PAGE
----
So we seriously need data on business water use, and that's one of the things that we're working on developing with the sector. Too many businesses aren't realising the connections between the service they pay for, how they could reduce their bills, what it means to the environment and what water efficiency means for their own resilience as businesses. Many have big carbon and energy efficiency programmes, and they just don't really bother with their water.

Our research shows that 80% of UK residents feel threatened by the impact of pollution on their water supply. Do you think that is a justified concern?

Companies are supposed to be improving the environment. That's actually built into the regulatory framework. But time and again, companies forget in their strategic documents and their customer research that they have actually committed to improving the environment and not just not making it worse. 

There has been a huge amount of improvement across the sector in recent years on pollution, but there are still really big incidents as well as lots of smaller ones. 
Companies aren’t all aiming for zero incidents and have rewards and penalties attached to the number of incidents. Some customers say water companies should really be aiming for zero incidents. So I definitely think that is not an imaginary thing in people's minds.

Do you think that is why people tend to prefer bottled water to drinking tap water?

All these shiny, expensive bottled-water brands basically often contain tap water. And people go for that, because the brands are aspirational. But the water [utility] company brands are less powerful for people, and they traditionally haven't engaged as well with their customers, and are only starting to do so now. Our drinking water quality is some of the best in the world and meets something like 99.9% of the strict EU and UK standards. It’s incredibly clean. It's just that people don't know about it. 

What other kinds of messages should water companies engage with?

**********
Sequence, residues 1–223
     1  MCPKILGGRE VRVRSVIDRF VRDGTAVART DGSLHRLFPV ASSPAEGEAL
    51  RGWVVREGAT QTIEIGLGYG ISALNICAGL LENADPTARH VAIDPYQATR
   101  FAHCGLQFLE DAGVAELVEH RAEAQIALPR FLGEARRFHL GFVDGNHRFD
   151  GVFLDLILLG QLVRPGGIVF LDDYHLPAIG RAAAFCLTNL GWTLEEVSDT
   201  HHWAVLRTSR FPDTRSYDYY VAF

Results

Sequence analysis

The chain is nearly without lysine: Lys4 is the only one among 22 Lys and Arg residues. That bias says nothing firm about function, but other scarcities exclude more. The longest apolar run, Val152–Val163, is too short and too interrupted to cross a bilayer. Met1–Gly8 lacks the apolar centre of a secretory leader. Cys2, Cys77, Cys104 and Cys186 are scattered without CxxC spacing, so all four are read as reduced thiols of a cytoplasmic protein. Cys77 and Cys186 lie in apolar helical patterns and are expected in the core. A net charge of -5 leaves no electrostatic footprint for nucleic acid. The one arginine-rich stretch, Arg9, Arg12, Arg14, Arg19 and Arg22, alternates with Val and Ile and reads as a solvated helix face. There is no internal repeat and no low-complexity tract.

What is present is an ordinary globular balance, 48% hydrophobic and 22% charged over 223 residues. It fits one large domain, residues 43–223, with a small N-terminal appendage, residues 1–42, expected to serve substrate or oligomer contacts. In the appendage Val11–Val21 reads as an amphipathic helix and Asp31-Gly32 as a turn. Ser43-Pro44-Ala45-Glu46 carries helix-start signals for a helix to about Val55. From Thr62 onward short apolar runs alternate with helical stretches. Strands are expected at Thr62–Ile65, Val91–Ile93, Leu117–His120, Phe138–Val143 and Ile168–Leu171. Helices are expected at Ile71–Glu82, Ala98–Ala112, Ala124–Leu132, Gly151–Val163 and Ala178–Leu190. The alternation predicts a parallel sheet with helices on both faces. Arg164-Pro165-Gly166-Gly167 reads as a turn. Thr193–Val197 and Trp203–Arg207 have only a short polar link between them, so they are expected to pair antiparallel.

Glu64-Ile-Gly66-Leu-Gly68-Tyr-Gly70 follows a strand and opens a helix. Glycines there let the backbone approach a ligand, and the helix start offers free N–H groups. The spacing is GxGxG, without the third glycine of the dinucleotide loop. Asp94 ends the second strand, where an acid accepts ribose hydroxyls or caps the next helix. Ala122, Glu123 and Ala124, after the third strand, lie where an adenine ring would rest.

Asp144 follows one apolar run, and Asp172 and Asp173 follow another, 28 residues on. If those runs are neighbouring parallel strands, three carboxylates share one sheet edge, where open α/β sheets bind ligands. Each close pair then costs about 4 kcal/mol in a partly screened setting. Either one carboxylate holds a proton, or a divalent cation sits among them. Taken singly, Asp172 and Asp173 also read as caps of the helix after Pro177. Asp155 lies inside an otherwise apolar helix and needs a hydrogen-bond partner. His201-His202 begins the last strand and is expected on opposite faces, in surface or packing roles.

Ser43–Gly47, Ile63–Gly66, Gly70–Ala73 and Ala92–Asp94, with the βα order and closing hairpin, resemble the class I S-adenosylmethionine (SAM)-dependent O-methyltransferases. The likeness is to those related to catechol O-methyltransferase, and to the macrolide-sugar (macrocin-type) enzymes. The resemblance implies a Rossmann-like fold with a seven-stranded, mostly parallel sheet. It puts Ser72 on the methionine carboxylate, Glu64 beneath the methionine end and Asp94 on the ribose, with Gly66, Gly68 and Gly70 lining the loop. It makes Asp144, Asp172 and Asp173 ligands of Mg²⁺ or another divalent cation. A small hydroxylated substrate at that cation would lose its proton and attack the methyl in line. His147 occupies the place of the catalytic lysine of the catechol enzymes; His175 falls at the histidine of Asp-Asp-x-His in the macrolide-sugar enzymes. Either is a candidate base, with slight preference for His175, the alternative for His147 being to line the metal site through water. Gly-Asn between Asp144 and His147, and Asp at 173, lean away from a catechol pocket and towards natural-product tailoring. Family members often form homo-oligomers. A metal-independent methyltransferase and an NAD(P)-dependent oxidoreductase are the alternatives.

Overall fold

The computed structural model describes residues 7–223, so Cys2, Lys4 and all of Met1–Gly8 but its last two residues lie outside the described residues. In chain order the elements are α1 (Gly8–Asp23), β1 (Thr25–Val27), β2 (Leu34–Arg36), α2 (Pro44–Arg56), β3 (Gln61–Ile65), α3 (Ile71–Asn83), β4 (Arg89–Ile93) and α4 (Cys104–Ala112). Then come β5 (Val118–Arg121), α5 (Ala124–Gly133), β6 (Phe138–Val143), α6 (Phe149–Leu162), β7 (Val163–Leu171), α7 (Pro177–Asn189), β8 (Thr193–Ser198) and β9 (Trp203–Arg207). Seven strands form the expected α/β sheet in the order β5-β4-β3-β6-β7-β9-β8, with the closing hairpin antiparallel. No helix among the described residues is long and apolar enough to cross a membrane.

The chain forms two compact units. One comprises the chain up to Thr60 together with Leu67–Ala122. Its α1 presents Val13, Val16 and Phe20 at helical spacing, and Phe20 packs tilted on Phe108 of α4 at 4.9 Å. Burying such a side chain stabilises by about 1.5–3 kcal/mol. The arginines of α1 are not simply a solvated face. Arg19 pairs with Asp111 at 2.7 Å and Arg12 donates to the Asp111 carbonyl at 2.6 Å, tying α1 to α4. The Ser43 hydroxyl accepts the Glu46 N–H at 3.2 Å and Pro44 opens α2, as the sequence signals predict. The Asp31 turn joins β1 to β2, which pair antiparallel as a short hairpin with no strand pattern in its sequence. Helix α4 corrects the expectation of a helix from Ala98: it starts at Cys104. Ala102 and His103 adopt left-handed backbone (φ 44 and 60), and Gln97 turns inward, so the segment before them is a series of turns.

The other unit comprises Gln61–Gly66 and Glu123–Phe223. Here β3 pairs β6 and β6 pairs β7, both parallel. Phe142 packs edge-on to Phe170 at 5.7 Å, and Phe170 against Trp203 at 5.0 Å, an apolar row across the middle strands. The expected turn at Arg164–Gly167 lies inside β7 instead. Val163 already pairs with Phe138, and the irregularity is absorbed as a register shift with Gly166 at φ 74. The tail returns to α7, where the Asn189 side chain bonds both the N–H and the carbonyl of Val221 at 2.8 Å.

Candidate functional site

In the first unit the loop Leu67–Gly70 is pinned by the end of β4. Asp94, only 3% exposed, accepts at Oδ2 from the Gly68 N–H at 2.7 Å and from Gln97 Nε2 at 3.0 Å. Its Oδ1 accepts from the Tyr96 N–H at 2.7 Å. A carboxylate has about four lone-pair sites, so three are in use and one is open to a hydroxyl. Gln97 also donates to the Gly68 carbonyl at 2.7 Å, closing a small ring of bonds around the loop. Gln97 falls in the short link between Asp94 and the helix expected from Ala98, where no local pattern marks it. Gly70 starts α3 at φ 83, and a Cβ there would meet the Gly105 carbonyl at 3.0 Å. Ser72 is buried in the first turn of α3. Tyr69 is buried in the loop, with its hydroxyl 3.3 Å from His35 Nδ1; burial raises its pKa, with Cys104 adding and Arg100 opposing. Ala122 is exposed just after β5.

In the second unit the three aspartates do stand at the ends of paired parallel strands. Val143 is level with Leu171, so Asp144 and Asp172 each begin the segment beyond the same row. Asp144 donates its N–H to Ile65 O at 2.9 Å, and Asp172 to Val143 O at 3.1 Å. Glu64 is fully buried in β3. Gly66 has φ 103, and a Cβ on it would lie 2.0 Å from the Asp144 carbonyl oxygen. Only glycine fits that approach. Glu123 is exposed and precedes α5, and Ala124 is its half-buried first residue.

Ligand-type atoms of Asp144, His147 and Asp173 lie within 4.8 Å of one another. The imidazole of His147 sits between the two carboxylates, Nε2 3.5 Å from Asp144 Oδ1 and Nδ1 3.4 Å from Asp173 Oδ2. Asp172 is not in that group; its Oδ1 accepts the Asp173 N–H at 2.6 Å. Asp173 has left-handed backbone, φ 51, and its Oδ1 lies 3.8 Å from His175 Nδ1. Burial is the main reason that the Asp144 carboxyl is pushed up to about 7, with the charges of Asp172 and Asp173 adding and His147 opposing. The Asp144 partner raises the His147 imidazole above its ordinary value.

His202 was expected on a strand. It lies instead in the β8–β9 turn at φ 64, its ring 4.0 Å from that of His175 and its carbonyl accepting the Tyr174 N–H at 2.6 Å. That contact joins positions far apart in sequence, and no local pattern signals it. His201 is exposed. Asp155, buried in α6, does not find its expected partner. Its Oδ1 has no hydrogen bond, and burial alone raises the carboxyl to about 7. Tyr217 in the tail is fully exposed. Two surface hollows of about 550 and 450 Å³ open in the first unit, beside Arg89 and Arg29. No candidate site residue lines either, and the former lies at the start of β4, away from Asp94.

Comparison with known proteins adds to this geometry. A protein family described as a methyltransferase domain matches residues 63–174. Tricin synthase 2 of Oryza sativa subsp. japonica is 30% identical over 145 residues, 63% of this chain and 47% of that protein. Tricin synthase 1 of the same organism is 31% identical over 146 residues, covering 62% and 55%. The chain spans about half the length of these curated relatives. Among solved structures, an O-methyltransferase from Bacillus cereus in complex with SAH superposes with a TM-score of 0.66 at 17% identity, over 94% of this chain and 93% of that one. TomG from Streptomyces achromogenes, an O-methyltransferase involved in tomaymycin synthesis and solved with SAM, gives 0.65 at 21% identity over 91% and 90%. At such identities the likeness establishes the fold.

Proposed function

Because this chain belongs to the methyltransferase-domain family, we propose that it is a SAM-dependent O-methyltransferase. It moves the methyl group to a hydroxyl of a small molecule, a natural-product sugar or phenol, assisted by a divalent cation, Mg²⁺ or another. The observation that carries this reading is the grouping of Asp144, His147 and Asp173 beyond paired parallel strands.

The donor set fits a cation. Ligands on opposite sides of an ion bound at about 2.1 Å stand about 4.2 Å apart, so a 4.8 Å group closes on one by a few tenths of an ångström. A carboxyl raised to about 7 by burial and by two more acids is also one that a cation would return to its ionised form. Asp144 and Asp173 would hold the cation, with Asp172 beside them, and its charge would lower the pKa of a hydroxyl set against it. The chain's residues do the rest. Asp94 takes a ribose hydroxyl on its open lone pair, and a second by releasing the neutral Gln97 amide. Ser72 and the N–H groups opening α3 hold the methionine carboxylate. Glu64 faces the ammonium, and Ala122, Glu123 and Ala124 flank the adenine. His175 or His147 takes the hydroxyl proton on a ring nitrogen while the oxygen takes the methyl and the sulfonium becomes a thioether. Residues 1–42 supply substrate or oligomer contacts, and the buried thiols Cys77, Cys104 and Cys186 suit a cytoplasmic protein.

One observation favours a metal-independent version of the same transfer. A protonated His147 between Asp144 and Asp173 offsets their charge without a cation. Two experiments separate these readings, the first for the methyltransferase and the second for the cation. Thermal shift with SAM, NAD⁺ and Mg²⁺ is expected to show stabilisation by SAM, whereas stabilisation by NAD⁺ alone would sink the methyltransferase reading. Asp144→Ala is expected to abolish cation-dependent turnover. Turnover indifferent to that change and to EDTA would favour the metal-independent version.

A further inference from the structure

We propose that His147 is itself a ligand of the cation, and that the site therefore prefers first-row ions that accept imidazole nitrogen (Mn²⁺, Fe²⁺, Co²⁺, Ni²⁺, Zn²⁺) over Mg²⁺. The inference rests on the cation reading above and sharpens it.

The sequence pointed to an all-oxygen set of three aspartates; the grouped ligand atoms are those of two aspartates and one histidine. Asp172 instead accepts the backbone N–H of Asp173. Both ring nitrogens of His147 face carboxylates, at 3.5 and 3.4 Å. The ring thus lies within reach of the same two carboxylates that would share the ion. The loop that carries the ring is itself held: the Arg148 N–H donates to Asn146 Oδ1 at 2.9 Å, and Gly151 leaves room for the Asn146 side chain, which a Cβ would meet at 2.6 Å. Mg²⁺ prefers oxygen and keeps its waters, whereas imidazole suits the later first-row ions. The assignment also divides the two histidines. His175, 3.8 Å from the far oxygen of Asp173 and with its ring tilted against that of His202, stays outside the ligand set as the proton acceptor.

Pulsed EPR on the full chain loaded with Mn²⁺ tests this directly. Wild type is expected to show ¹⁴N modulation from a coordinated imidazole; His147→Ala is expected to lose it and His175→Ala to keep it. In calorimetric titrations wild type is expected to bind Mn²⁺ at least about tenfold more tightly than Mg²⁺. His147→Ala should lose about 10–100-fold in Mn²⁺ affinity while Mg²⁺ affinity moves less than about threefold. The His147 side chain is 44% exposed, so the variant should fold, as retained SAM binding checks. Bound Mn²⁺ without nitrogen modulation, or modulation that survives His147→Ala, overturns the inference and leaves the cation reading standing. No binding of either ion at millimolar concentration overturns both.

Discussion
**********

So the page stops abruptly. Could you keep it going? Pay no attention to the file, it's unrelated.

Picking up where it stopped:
There are quite a lot of messages they need to share. They need people not to waste water and not to flush unflushables down the toilet. Water companies also want to tell customers in local campaigns about what they're doing to protect the environment. 

We need water companies to communicate all of this to their customers. Water companies are now getting better at this and are moving away from telling customers what to do and moving towards co-creation. They say ‘okay customers, tell us what you're interested in, your motivations and habits beyond water, and then we'll hook our strategy in with that’.
Nicci Russell Managing Director, Waterwise

We are really keen for all the water companies to write up all of their projects and their pilot schemes in relation to customers’ water efficiency, so we can learn from each other's mistakes.

Are you happy with the National Framework’s target for 2050 of 110 litres of daily average use per person? Or would you have liked to see it go further? 
Waterwise’s Head of Strategy and Policy Nathan Richardson is part of the group that drafted it, and it’s more ambitious than what we’ve had in the past. In terms of the figure, it's helpful to have a planning assumption. It's being built into all of the regulatory demands, which is really positive. We are going to need a regulatory framework that is sympathetic to upfront investment in water efficiency, and we also need a policy framework that includes things like a water-efficiency label.

We're really positive about the National Framework, and we think it will drive a lot of ambition and change. But we're the campaigning organisation for water efficiency specifically, and we’re challenging everybody in the sector – government regulators and water companies – to think through what they need to have in place to achieve these targets, and how and when they could for example halve consumption.

Successive water ministers – probably the past 10 water ministers of any political persuasion – and the Department for Environment, Food & Rural Affairs, completely get what needs to be done; the problem is getting a seat for water issues at the tables in the Treasury and Number 10 where the big decisions are made.